Moving here five years ago, I thought I had left behind the Northeast's obsession with ethnic identity. Then came "Jersey Shore."
There was Snooki talking about "Guidos" and "Guidettes" on David Letterman, and staring at me from the covers of People and OK. I didn't watch Mike "The Situation" Sorrentino on "Dancing With the Stars," but he was the subject of witty exchanges on the next "Good Morning America."
When I first heard the term "Guido," back in the 1980s, it seemed an innocent inside joke among "us" -- educated, middle-class Italian-Americans -- to describe our brash brethren from the outer boroughs. We considered them embarrassing distant relations -- they were a minority who hadn't left insular ethnic communities abandoned by our ancestors.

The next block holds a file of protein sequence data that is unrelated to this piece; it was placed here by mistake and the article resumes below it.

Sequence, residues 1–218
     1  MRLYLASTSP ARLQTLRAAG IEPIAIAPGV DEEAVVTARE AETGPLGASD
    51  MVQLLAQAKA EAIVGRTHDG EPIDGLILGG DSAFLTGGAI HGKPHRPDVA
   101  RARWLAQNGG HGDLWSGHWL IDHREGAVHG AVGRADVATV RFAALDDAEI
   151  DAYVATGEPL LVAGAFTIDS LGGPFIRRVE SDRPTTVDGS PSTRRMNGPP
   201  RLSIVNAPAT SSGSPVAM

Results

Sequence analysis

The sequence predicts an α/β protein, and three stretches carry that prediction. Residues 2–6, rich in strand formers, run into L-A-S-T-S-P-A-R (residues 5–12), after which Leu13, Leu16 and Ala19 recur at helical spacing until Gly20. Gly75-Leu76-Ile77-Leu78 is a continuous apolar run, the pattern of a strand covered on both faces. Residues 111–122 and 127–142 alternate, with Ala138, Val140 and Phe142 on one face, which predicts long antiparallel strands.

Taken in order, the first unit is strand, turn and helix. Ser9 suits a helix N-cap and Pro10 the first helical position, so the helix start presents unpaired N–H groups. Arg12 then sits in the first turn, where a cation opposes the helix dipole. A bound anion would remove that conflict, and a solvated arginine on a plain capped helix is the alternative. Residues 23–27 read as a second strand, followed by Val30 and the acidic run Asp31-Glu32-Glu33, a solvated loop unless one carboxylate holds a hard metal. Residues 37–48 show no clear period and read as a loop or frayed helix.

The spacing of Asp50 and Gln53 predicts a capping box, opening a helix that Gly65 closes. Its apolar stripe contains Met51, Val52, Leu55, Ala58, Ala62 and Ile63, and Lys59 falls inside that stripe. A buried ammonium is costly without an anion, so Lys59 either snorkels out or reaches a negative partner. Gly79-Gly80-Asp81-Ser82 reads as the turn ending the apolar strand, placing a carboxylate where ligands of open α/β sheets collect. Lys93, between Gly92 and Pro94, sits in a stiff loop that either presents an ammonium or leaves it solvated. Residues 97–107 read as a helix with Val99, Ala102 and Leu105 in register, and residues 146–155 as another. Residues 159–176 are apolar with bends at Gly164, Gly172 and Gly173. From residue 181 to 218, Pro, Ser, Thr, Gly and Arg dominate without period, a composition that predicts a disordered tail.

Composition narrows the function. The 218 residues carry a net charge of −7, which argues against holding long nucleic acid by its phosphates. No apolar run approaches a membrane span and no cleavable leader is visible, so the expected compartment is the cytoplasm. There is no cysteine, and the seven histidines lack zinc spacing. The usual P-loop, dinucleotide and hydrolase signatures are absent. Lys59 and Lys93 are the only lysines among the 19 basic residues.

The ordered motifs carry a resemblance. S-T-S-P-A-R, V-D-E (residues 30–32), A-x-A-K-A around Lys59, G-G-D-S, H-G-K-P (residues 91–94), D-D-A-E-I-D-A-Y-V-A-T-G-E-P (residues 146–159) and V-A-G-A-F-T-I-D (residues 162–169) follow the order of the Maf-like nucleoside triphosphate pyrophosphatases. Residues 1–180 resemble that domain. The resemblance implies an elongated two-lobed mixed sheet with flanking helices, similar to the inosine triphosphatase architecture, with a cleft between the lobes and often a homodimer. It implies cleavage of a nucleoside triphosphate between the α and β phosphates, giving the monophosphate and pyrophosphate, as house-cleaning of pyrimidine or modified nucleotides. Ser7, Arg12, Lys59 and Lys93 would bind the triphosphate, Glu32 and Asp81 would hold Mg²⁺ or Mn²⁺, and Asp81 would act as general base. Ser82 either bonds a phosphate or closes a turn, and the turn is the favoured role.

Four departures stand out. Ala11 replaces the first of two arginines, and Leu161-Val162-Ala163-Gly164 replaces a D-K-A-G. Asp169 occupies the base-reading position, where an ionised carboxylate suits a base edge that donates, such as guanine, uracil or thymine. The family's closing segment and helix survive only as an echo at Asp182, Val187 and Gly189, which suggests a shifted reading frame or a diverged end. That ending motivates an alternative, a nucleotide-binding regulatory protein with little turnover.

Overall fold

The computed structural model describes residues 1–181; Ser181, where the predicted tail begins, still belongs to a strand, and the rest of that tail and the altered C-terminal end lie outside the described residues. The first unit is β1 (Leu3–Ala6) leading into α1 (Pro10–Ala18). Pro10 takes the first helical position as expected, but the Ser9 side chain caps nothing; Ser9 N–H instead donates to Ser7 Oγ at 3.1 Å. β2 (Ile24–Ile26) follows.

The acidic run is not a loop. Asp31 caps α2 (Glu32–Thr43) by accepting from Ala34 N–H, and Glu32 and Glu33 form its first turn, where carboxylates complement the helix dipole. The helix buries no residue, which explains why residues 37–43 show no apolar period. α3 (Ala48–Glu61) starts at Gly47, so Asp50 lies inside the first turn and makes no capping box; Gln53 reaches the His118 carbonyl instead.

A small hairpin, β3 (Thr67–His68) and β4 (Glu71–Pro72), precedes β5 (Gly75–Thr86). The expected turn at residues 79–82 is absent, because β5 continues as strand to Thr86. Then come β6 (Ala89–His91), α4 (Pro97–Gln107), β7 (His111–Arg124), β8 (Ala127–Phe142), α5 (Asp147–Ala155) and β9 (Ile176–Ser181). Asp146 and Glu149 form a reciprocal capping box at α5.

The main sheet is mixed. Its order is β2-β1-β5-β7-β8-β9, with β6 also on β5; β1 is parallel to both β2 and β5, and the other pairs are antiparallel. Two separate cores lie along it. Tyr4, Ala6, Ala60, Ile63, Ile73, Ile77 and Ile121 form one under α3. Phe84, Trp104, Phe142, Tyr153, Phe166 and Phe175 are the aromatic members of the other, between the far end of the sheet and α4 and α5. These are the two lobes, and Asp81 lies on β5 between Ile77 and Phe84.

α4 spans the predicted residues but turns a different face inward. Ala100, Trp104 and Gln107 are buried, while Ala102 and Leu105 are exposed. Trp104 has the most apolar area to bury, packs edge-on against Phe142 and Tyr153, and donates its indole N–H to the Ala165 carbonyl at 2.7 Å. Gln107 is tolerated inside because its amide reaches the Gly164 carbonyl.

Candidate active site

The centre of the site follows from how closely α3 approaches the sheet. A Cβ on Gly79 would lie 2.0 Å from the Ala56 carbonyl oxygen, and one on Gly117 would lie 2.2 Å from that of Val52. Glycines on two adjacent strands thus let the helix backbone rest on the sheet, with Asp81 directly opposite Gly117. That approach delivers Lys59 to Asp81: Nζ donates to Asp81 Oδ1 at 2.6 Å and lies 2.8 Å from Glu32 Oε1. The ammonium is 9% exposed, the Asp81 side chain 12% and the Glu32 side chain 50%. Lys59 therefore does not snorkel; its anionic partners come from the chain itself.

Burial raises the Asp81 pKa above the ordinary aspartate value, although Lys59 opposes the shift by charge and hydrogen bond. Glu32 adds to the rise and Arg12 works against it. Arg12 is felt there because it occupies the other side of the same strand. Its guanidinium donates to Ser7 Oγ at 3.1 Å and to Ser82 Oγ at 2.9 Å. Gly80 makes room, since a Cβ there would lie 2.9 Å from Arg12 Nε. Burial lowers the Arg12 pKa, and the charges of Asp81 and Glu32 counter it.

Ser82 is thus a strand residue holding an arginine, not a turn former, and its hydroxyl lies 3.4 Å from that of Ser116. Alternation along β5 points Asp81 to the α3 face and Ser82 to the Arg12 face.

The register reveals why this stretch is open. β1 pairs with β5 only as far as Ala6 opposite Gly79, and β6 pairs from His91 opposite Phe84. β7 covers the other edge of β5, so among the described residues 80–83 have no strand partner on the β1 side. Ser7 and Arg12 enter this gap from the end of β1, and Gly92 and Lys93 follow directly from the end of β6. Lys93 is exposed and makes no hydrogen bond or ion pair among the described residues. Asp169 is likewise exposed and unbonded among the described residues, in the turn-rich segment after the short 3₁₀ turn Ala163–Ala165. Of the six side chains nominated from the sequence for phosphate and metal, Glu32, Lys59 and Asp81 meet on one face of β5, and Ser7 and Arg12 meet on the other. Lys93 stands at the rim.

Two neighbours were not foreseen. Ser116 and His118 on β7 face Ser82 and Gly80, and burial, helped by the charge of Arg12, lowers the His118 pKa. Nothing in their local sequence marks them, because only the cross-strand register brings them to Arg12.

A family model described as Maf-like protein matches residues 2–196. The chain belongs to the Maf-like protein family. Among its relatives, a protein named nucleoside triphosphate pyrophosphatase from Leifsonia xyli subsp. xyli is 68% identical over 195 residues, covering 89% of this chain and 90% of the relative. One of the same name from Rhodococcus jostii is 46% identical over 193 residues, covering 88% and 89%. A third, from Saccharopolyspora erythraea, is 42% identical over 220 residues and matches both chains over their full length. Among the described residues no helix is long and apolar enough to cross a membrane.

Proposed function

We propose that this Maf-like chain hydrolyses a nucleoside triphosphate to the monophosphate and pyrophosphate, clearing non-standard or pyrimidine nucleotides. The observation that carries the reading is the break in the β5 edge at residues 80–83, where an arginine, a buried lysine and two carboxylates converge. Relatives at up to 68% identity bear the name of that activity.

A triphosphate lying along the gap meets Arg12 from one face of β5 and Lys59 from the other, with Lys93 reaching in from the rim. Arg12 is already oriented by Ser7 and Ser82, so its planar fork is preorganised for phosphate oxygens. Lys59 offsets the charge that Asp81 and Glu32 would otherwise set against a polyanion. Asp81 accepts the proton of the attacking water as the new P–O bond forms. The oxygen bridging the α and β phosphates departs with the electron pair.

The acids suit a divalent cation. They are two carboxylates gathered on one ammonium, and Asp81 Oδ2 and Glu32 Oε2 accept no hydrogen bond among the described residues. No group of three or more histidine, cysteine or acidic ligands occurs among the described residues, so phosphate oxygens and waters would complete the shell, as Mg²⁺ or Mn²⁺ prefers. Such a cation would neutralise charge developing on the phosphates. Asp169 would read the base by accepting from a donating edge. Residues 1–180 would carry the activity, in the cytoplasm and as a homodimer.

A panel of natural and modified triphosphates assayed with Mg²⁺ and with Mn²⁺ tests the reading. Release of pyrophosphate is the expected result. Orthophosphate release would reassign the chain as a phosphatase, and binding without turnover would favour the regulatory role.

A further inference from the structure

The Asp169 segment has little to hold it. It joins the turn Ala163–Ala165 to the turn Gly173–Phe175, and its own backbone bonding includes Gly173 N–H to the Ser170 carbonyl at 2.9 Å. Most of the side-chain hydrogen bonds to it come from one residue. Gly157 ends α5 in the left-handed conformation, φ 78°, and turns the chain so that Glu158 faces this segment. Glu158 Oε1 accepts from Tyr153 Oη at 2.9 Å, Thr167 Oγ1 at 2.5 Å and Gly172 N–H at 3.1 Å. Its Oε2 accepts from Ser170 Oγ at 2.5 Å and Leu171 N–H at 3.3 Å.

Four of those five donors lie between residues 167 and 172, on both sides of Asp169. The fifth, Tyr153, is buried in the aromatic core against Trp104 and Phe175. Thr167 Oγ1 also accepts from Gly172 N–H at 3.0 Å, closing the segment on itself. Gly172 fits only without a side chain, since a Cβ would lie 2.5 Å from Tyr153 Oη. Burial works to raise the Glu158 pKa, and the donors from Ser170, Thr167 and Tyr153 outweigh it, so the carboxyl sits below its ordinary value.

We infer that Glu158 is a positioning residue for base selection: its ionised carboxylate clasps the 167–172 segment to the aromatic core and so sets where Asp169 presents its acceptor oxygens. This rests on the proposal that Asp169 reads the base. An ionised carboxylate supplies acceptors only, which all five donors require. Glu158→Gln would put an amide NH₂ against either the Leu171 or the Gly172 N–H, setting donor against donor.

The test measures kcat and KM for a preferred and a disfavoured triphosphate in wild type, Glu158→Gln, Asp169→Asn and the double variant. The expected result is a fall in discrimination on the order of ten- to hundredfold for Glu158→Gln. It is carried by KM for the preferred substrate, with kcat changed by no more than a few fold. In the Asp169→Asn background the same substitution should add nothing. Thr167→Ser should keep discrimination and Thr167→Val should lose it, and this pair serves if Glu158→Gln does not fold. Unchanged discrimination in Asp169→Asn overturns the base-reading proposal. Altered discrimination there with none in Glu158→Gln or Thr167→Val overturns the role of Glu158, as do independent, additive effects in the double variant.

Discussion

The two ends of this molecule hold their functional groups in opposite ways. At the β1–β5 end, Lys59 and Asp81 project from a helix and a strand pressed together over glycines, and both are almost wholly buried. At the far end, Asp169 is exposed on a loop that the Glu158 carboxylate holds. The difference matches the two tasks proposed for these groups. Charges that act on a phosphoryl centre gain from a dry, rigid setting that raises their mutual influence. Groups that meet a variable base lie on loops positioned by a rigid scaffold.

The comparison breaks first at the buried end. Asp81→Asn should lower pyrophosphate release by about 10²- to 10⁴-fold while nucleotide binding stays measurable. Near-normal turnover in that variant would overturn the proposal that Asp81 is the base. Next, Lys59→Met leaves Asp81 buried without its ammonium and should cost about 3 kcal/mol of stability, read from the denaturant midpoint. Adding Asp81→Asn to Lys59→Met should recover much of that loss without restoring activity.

I was curious how popular the terms "Guido" and "Guidette" had become. The online Urban Dictionary, where visitors vote on their favorite definition, pegged Guido as "a sad pathetic excuse for a male." Much more offensive was the blatantly misogynistic Guidette, who has fake breasts, a big nose and is wildly promiscuous. Repugnant slurs have gone viral and venomous.
The mere existence of Jersey Shore makes me wonder why producers have made Italian-Americans the exception to protocols on ethnic stereotyping. I agree with Andre DiMino, head of the Italian-American organization UNICO: "If you replace Italian-Americans with any other ethnic group, would they use such a perjorative term?"